Don’t be dramatic

While we are on the subject, though, it’s time worship and holidays (from the Old English word meaning, “Holy Day”) were re-understood as what they were really intended to be: reminders. The practice of faith and goodness is not found in the sanctuary, worship center, or the temporary toleration of difficult people in the “spirit of Christmas.” Worship, holy days, and other such themed seasons are supposed to be reminders, means of getting in the habit so we can function like human beings were intended in the other aspects of our lives.  

Now, you’ve no doubt heard or been this person before. “I don’t celebrate commercial holidays because we should be that way all the time.” Well, we aren’t, ding-bat, that’s the problem. However, instead of treating these holy days and weekly reminders as instances in which we can learn how to habitually love, we treat them like the timed trials in which we are to get all of that distracting affection, adoration, and discipleship out of the way so that we can get back to living life in the usual self-serving, poor-ignoring, tension-avoiding way. 

This is why God says what he does in the Scripture at the start of this post from the prophet Isaiah. Our holidays and designated times/places for worshiping and following God “have become a burden to [God], [He] is weary of bearing them,” precisely because their point is being missed entirely. These seasons and holy days are designed to teach and remind us to “cease evil, learn to do good; seek justice, rescue the oppressed, defend the orphan, plead for the widow” (Isaiah 1:16-17). These are actions that make up a lifestyle of faith, the intended lifestyle of Christians (it’s even a great way to live as a non-Christian, I might add). This is not a lifestyle that allows for our preferred, compartmentalized lifestyle. We are to be “faithful me” at work, at school, at home, in the voting booth, in the mall, yes, in our places of worship. 

As you go about the holidays, worship, and rituals of your life (whether they be Hanukkah, Christmas, Kwanzaa, family dinners, new moons, weekly worship, Lent, Ramadan, etc.), remember that these are times to develop habits, not to hastily exercise all of your kindness. What habits? The habits that will allow you to live a faithful, kind, generous, just, and full life all day, every day. If we can begin to take even a tiny step in this direction, perhaps we will see a “Season of Giving” that never ends, and that Kingdom of God will move just a tad bit closer.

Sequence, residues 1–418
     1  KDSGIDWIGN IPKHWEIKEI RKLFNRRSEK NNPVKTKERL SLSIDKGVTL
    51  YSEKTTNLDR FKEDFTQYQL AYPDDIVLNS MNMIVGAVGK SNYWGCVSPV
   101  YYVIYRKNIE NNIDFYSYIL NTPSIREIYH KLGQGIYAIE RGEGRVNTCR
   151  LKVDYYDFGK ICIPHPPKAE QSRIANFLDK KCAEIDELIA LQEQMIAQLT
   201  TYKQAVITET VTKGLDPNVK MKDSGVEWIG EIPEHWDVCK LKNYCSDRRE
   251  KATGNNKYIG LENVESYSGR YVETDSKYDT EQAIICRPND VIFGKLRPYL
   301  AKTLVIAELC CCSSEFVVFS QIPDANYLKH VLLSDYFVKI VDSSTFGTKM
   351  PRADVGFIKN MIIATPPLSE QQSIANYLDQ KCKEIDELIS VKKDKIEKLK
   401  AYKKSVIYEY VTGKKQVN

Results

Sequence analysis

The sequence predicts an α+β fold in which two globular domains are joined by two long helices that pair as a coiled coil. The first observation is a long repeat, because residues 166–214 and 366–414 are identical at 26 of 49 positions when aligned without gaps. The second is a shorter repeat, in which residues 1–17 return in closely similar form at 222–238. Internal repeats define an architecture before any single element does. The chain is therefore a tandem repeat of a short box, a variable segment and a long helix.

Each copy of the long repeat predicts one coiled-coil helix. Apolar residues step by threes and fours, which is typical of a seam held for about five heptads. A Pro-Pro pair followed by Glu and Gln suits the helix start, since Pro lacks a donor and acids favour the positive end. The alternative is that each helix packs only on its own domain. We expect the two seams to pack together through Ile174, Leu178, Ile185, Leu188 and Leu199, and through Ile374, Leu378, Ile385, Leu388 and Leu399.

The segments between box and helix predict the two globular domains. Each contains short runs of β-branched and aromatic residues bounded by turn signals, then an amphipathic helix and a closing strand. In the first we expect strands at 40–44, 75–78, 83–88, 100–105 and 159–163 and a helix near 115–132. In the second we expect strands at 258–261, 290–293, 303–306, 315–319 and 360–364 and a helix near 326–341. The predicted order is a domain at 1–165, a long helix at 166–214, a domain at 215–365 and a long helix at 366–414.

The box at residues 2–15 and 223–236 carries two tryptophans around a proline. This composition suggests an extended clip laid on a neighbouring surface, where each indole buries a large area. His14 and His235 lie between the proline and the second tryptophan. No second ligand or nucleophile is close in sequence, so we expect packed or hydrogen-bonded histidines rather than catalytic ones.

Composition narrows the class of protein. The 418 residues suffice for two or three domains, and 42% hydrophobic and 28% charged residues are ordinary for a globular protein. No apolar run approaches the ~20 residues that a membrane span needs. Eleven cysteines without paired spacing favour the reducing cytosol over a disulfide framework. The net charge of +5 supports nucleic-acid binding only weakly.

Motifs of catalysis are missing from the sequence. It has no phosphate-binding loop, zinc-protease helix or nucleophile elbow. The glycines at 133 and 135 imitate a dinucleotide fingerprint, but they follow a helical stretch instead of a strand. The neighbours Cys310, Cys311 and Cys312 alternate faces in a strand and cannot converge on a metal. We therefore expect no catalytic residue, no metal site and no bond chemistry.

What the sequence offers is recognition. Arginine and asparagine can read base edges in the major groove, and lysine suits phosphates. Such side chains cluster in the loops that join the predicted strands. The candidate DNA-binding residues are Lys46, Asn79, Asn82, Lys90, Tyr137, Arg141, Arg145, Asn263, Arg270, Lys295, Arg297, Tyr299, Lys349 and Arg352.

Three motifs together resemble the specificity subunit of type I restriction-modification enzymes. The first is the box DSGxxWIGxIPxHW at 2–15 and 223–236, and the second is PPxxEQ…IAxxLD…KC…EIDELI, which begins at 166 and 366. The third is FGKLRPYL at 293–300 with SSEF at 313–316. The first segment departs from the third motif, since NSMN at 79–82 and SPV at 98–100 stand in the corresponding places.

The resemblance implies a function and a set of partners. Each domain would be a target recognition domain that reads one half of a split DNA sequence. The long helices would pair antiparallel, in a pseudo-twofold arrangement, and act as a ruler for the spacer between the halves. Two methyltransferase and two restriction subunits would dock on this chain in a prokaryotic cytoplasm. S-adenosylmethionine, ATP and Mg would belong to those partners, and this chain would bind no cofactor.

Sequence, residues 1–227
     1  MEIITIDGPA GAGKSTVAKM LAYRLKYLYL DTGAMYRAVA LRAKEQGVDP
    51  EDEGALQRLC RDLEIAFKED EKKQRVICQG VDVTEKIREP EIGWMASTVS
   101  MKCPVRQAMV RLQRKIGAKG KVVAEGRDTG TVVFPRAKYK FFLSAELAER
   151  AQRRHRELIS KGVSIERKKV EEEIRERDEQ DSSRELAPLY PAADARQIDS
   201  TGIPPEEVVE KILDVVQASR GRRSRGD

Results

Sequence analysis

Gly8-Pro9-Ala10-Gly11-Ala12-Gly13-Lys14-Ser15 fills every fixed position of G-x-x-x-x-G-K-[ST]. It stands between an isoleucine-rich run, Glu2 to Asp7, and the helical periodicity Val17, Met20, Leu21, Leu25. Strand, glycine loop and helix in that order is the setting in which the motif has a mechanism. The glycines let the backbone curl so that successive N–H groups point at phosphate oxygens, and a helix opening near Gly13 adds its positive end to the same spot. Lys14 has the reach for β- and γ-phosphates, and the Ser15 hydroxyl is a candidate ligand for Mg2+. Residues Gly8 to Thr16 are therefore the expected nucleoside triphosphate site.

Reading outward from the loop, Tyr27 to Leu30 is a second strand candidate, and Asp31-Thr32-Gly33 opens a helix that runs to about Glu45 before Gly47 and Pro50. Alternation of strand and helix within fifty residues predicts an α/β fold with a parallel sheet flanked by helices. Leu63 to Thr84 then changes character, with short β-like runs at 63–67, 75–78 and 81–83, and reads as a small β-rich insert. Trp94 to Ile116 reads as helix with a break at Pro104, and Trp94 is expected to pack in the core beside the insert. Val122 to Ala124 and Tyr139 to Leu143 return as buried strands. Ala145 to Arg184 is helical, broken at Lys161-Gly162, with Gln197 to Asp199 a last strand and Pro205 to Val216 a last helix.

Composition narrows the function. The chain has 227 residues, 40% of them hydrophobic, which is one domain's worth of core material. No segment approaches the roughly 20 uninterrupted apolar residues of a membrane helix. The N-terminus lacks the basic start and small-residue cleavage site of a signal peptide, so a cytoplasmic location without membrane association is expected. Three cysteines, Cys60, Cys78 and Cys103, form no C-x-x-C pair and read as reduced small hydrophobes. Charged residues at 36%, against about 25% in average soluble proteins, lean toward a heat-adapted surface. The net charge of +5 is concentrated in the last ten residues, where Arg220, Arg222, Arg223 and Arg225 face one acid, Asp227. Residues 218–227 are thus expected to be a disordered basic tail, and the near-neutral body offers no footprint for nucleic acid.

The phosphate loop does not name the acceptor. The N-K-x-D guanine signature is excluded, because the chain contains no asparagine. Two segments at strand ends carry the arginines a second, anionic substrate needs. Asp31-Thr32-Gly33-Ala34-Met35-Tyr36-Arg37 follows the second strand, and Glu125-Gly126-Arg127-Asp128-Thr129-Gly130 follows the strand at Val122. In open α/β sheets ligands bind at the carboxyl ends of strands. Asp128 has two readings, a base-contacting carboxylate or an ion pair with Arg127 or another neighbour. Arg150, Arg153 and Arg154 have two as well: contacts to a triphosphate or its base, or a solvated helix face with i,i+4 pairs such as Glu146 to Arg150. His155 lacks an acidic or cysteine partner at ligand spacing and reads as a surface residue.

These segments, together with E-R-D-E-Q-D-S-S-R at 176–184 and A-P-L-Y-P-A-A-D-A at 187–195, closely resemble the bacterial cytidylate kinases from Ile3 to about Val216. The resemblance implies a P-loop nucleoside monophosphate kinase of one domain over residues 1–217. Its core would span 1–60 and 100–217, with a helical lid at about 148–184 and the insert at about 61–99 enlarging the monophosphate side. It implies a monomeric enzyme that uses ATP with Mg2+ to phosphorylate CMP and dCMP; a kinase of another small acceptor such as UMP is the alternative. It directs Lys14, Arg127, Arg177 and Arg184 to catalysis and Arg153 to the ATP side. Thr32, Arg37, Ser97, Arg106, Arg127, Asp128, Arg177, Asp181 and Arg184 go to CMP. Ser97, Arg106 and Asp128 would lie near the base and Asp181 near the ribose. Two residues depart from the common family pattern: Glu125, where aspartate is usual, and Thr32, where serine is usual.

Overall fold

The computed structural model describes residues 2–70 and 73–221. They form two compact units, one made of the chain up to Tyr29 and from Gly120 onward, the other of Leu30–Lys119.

Peace be with you!

 


Sharing, Caring, and the Word “No”

“Other seed fell on rocky ground, where it did not have much soil, and it sprang up quickly, since it had no depth of soil. And when the sun rose, it was scorched; and since it had no root, it withered away.” — Mark 4:5-6, NRSV

An exceptionally special person in my life shared an article with me, which you can find here. The article regards empathetic people, people able to really grasp how a person is feeling and thinking. Most people have some level of empathy, and whether or not it is your primary way of dealing with others or not, this article is worth the read. Empathy, and caring for others in general, is a draining place to be in. Odds are, you know what it’s like to be a giver. It can be rewarding, powerful, and somewhat addicting. In fact, it can be tempting to make our lives all about what we put out into the world, which, while well-intended, leads to a severe loss of self.

In the world of faith, it is no different. The quote above is from the “Parable of the Sower” in Mark 4. In this parable, Jesus is addressing the various responses to the Gospel that we still find today. The article my beloved friend shared with me made me think of this parable, specifically the seed that fell on rocky ground.

Why is that?

Well this particular instance of withering is characteristic of many people who are too busy reaching out to develop any depth of soil or rootedness in their lives. Why is this important? Roots nourish the plant. They reach deep into the nutrient soil far below the surface, supplying the plant with the energy, growth, and the ability to healthily grow and be sustained. Even when the season changes and the weather turns harsh, the plant can retreat into the soil, back to the roots, until the time comes to reach out again.